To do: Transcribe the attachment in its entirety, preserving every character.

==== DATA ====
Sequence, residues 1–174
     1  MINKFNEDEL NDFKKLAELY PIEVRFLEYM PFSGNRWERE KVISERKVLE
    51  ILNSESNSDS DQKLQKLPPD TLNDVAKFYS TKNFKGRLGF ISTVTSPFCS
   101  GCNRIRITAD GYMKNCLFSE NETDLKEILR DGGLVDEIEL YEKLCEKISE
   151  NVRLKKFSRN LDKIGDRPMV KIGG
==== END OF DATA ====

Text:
Sequence, residues 1–174
     1  MINKFNEDEL NDFKKLAELY PIEVRFLEYM PFSGNRWERE KVISERKVLE
    51  ILNSESNSDS DQKLQKLPPD TLNDVAKFYS TKNFKGRLGF ISTVTSPFCS
   101  GCNRIRITAD GYMKNCLFSE NETDLKEILR DGGLVDEIEL YEKLCEKISE
   151  NVRLKKFSRN LDKIGDRPMV KIGG